Fed policy makers today trimmed bond-buying by $10 billion for a fifth straight meeting, to $35 billion, keeping it on pace to end the program late this year. The central bank said that it expects rates to stay low for a “considerable time” after the bond buying ends.
Gold climbed 70 percent from December 2008 to June 2011 as the Fed bought debt and held borrowing costs near zero percent. Last year, the metal fell 28 percent as some investors lost faith in the metal as a store of value amid an equity rally and muted inflation.
“The Fed has made it clear that it will keep rates low for now,” Charlie Bilello, director of research who helps oversee $220 million of assets at New York-based Pension Partners LLC, said in a telephone interview. “The announcement of the stimulus amount being lowered to $35 billion was a confirmation of what people were expecting.”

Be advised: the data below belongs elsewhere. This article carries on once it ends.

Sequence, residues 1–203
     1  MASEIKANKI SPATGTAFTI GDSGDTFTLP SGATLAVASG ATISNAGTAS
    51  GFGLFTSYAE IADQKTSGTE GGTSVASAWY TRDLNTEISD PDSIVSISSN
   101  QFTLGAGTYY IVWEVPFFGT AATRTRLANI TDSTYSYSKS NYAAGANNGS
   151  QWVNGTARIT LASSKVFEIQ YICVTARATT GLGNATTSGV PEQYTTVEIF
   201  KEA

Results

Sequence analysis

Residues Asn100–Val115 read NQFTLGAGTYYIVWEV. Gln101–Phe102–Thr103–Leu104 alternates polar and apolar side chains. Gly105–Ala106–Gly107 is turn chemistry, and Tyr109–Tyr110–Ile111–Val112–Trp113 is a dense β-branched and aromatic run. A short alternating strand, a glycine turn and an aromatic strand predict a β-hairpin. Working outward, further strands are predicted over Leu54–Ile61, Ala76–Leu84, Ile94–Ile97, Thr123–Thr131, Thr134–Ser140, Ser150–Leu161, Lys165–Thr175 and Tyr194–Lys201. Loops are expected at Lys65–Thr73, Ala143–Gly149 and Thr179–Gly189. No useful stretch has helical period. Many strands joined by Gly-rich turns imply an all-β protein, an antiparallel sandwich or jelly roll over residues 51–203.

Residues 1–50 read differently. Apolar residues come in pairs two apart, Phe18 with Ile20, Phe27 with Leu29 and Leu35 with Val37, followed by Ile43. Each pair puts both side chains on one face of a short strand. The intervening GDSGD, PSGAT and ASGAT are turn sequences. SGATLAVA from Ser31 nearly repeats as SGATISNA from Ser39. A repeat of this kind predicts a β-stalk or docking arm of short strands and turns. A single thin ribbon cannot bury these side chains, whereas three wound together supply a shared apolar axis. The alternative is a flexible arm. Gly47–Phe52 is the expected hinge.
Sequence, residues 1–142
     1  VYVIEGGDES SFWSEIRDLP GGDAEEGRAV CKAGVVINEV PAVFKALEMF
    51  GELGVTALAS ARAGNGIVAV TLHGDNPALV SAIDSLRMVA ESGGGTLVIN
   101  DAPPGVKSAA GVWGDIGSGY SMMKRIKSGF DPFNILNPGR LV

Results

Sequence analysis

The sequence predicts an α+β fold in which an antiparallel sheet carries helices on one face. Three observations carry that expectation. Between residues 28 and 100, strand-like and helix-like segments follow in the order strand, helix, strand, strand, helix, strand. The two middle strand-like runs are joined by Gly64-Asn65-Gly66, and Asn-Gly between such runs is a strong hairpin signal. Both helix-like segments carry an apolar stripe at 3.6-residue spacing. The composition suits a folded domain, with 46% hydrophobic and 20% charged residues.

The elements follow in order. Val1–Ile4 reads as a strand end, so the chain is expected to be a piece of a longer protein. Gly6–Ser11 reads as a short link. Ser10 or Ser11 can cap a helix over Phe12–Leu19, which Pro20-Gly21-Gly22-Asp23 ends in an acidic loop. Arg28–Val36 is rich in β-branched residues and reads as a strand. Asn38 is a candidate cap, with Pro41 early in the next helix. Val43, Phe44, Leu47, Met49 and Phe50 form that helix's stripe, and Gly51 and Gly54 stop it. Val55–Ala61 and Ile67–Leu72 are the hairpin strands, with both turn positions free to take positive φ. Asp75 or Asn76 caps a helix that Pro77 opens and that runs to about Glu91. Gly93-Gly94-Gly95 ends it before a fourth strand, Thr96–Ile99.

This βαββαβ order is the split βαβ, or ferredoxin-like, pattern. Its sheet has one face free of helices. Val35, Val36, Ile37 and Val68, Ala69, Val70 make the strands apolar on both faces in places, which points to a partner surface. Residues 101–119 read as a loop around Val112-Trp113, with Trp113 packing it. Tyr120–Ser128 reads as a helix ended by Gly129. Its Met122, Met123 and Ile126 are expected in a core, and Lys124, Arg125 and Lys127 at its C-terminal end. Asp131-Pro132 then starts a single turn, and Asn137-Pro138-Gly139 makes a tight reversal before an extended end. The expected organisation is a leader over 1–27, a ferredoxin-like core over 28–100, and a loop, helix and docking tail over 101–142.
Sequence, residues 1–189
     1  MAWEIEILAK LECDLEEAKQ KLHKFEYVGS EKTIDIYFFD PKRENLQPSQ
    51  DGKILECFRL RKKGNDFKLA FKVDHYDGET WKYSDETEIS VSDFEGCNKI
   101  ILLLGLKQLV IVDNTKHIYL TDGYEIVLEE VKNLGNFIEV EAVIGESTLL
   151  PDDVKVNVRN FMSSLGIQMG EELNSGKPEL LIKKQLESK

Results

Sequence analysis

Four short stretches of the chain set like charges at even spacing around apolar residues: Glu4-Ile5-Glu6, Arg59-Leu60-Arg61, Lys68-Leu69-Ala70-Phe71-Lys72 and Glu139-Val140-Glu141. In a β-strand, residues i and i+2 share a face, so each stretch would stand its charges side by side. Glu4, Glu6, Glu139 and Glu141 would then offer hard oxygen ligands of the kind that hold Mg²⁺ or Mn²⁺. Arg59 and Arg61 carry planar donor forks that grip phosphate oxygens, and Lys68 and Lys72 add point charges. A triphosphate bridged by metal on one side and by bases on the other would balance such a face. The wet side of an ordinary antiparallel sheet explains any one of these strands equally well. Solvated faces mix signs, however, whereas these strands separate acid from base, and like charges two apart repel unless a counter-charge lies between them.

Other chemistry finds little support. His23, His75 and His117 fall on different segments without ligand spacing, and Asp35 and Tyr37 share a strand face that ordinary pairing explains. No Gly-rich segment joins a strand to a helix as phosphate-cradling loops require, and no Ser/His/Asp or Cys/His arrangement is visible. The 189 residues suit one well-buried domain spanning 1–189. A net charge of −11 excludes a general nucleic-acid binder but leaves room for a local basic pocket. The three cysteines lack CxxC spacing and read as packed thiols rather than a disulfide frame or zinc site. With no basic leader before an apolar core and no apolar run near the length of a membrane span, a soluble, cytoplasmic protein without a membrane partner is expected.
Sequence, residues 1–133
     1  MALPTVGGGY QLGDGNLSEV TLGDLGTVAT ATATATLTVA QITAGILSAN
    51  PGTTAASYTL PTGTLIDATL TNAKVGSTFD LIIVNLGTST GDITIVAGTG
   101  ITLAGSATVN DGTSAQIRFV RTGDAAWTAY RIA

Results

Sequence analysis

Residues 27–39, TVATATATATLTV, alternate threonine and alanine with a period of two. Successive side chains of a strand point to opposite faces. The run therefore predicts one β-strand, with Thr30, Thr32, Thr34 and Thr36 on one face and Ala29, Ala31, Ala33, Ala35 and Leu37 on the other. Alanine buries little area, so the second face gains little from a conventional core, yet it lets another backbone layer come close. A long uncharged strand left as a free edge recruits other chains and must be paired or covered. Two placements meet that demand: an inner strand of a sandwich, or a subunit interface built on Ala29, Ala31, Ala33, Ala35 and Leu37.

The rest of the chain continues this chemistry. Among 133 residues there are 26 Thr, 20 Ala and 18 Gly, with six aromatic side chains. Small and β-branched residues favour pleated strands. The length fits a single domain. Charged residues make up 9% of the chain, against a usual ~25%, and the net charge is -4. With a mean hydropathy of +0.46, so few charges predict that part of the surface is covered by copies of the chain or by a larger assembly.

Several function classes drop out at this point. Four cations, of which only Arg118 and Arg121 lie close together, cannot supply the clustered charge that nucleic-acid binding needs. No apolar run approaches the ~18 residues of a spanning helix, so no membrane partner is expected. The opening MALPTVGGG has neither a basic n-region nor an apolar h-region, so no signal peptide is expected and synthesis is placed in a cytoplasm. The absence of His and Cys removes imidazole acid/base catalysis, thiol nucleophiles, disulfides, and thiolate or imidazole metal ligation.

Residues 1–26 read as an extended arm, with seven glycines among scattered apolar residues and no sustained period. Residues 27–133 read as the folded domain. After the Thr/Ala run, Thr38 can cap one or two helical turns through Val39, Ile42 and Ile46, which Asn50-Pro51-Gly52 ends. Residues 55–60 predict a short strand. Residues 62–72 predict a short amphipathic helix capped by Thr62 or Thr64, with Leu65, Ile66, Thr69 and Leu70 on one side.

Gold for immediate delivery rose 0.6 percent to $1,277.71 an ounce at 4:59 p.m. New York time. The price, down 0.5 percent in the previous two days, has climbed 6.4 percent this year.
On the Comex in New York, futures for August delivery settled 0.1 percent higher at $1,272.70, before the Fed announcement.
The metal’s 60-day historical volatility today reached the lowest since Oct. 18, 2010, according to data compiled by Bloomberg. Gold futures traded in a range of $45 this month, compared with $74 in May.
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